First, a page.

ⓘ Natural landscape
A natural landscape is the original landscape that exists before it is acted upon by human culture. The natural landscape and the cultural landscape are separate parts of the landscape. However, in the twenty-first century landscapes that are totally untouched by human activity no longer exist, so that reference is sometimes now made to degrees of naturalness within a landscape.
In Silent Spring 1962 Rachel Carson describes a roadside verge as it used to look: "Along the roads, laurel, viburnum and alder, great ferns and wildflowers delighted the traveler’s eye through much of the year" and then how it looks now following the use of herbicides: "The roadsides, once so attractive, were now lined with browned and withered vegetation as though swept by fire". Even though the landscape before it is sprayed is biologically degraded, and may well contains alien species, the concept of what might constitute a natural landscape can still be deduced from the context.
The phrase "natural landscape" was first used in connection with landscape painting, and landscape gardening, to contrast a formal style with a more natural one, closer to nature. Alexander von Humboldt 1769 – 1859 was to further conceptualize this into the idea of a natural landscape separate from the cultural landscape. Then in 1908 geographer Otto Schluter developed the terms original landscape Urlandschaft and its opposite cultural landscape Kulturlandschaft in an attempt to give the science of geography a subject matter that was different from the other sciences. An early use of the actual phrase "natural landscape" by a geographer can be found in Carl O. Sauers paper "The Morphology of Landscape" 1925.
1. Origins of the term
The concept of a natural landscape was first developed in connection with landscape painting, though the actual term itself was first used in relation to landscape gardening. In both cases it was used to contrast a formal style with a more natural one, that is closer to nature. Chunglin Kwa suggests, "that a seventeenth-century or early-eighteenth-century person could experience natural scenery just like on a painting,’ and so, with or without the use of the word itself, designate it as a landscape." With regard to landscape gardening John Aikin, commented in 1794: "Whatever, therefore, there be of novelty in the singular scenery of an artificial garden, it is soon exhausted, whereas the infinite diversity of a natural landscape presents an inexhaustible flore of new forms". Writing in 1844 the prominent American landscape gardener Andrew Jackson Downing comments: "straight canals, round or oblong pieces of water, and all the regular forms of the geometric mode. would evidently be in violent opposition to the whole character and expression of natural landscape".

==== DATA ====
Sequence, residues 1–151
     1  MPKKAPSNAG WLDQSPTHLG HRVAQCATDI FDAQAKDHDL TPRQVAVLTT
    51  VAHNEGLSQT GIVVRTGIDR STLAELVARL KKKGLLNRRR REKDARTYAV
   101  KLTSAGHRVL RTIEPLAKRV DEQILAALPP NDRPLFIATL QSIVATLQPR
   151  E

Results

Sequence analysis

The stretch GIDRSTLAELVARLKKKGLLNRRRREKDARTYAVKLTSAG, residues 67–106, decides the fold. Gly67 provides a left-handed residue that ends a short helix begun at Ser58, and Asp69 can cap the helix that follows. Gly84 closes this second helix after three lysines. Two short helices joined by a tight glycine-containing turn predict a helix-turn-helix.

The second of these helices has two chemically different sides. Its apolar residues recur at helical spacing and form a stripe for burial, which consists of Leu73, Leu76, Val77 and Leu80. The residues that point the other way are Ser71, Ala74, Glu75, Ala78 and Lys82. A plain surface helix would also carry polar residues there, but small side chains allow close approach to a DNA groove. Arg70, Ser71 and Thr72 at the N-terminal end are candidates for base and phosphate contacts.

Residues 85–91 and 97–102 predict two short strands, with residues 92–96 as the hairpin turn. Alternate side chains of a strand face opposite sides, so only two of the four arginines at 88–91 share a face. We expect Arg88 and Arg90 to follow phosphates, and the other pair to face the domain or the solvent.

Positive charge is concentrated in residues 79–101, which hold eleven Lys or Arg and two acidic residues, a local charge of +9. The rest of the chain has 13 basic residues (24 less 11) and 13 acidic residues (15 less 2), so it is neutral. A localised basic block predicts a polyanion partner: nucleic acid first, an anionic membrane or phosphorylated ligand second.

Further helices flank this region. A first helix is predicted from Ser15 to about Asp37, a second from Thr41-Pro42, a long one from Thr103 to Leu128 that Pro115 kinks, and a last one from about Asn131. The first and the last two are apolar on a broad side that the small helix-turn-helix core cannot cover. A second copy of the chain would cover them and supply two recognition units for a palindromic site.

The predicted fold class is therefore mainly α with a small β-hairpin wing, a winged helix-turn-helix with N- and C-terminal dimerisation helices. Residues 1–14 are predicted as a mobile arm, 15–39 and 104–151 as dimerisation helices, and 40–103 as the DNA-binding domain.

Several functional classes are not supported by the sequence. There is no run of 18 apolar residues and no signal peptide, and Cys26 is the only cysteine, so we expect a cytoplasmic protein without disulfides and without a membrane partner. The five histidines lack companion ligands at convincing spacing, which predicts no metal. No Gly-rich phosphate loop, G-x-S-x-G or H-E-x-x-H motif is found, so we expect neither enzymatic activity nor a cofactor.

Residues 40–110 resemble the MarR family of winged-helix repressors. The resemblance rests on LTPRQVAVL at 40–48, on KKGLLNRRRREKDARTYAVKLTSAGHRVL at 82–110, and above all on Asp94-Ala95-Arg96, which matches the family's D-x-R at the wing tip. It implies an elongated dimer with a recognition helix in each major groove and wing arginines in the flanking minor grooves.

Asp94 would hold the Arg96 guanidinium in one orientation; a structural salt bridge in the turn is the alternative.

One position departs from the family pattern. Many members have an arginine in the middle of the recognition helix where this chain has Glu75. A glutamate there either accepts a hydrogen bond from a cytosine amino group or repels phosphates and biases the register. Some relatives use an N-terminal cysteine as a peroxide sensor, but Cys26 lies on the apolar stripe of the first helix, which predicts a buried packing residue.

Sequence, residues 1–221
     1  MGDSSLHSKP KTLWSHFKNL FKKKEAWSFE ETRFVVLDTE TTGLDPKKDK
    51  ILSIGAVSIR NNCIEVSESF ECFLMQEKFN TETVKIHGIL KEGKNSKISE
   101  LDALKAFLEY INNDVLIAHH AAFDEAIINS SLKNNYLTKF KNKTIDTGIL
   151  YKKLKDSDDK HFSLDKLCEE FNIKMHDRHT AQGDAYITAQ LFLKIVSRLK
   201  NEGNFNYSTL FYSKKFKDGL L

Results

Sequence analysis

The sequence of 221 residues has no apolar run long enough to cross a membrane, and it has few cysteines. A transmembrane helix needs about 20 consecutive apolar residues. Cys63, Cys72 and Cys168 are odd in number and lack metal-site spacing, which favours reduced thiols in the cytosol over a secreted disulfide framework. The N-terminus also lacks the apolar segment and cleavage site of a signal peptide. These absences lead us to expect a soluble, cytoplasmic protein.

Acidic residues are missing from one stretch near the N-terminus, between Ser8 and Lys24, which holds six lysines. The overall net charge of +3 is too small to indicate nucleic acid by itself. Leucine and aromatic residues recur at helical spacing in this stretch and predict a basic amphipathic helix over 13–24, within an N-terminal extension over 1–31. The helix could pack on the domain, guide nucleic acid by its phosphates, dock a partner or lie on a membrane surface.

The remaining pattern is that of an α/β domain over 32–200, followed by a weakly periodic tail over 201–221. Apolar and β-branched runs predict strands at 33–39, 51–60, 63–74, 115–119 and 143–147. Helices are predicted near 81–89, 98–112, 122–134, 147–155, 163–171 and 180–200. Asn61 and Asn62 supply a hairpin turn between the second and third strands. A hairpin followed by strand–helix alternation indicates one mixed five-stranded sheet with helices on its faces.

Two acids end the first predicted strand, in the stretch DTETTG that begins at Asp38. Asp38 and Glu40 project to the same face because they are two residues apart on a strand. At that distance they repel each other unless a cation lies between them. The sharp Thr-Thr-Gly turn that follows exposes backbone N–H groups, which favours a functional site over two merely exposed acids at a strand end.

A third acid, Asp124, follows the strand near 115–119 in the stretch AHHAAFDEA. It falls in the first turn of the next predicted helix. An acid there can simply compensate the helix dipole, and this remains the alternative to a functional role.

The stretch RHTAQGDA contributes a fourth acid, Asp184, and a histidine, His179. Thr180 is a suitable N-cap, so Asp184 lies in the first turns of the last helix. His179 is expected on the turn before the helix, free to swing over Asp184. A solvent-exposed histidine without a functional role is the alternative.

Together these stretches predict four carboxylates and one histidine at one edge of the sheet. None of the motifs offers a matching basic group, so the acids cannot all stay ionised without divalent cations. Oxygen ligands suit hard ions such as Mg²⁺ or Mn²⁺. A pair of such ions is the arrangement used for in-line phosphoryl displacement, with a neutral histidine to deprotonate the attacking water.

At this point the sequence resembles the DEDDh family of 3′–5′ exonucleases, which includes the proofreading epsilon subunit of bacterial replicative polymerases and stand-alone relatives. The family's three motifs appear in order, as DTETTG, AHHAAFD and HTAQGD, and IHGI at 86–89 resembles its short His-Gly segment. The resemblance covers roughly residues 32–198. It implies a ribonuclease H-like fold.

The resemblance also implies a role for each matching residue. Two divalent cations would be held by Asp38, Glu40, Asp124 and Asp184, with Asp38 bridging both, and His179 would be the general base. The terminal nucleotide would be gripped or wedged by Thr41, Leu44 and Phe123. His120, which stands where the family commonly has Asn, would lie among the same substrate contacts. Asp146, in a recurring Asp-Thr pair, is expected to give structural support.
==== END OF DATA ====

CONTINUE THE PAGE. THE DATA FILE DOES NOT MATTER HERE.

In his extensive travels in South America, Alexander von Humboldt became the first to conceptualize a natural landscape separate from the cultural landscape, though he does not actually use these terms. Andrew Jackson Downing was aware of, and sympathetic to, Humboldts ideas, which therefore influenced American landscape gardening.
Subsequently, the geographer Otto Schluter, in 1908, argued that by defining geography as a Landschaftskunde landscape science would give geography a logical subject matter shared by no other discipline. He defined two forms of landscape: the Urlandschaft original landscape or landscape that existed before major human induced changes and the Kulturlandschaft cultural landscape a landscape created by human culture. Schluter argued that the major task of geography was to trace the changes in these two landscapes.
The term natural landscape is sometimes used as a synonym for wilderness, but for geographers natural landscape is a scientific term which refers to the biological, geological, climatological and other aspects of a landscape, not the cultural values that are implied by the word wilderness.